Students at the University of Northern Colorado are responsible for making the choice to self-report if they have tested positive for COVID-19. But students are not required to tell the school if they do not live on campus or do not use the school clinic to get tested.
Students are expected and encouraged to self-report a positive COVID result. This can be done confidentially at https://www.unco.edu/coronavirus/health-alerts/. The UNC coronavirus website sites that severe consequences, like suspension or expulsion, could follow a student who does not act according to guidelines
“The UNC contact-tracing team is immediately notified of anyone who tests positive at the Student Health Center,” said Cindy Vetter, the director of Student Business Services. “If students or employees are tested off-campus, UNC only finds out if the individual alerts UNC, or if they disclose to the investigator at the Weld County Department of Public Health and Environment (WCDPHE), or other county health departments, that they’re a UNC student or employee. ”
This is because of HIPPA, better known as doctor-patient confidentiality. A student’s health information and results can only be told after permission is granted.
This concerns many students.
“If students test positive, will professors and classmates be notified that there was potential exposure to COVID?” a concerned student asked.
“If the classroom set-up has remained with the six-feet social distancing, the mask policy has been adhered to and classroom disinfecting is occurring on schedule, then, generally, classmates would not be notified unless the health department has determined other direct contacts have occurred,” Vetter said in an email.
Because of the limited seating capacity within each in-person classroom, as well as the cleaning processes for each classroom, students would not be notified if a classmate has tested positive. This same idea was expressed during the weekly operational update call on Sept. 10 by the associate vice-president for administration, Blaine Nickeson.
“One of the points I was making in that meeting was, that holding classes is one of the lower risk activities that we actually do on a college campus,” Nickeson said.
“One of the key factors that is questioned is, ‘Has the infected person been in continuous 15-minute contact with someone closer than six feet without a mask?” Vetter said in an email.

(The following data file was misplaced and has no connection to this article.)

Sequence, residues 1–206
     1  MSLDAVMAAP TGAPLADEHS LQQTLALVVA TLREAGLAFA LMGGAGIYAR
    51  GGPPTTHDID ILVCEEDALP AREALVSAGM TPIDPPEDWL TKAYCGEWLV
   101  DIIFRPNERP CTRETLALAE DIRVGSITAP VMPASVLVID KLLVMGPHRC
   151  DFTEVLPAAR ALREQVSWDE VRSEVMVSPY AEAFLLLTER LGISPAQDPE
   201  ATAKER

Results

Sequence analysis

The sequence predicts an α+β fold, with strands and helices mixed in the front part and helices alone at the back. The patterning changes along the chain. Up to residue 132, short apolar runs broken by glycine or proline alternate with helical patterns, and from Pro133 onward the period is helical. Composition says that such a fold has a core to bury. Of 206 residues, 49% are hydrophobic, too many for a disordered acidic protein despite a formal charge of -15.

With ongoing efforts to slow the spread of COVID-19, there have been few reported cases since the beginning of the school year. However, students are still expressing concern about the methods of contact tracing and notification happening.
“If students have the option not to disclose to the university, then how are we sure that classmates and professors aren’t being affected?” an anonymous student asked.
This concern comes on the heels of big outbreaks at other college campuses like the University of Colorado Boulder and the University of Colorado Springs. This was mentioned during the weekly operational update call on Oct. 1st by Nickeson.
“They’re up over 1,600 positive student cases, which, I would mention, is larger than our freshmen class,” Nickeson said about CU Boulder.
As of Oct. 1, there are 21 positive cases of COVID from students at UNC. Only four of the positive students are being housed in the isolation rooms. The rest of the positive students live off-campus, indicating how responsible students at UNC are taking the pandemic.
UNC’s testing abilities over the fall semester are reportedly getting better.
“One thing that Blaine has continued to emphasize with me and others is that our ability to test students is getting stronger and stronger and stronger, and the cost of the testing is going down,” said Provost Mark Anderson, the chief academic officer of the Division of Academic Affairs.
For more information, visit unco.edu/return-to-campus/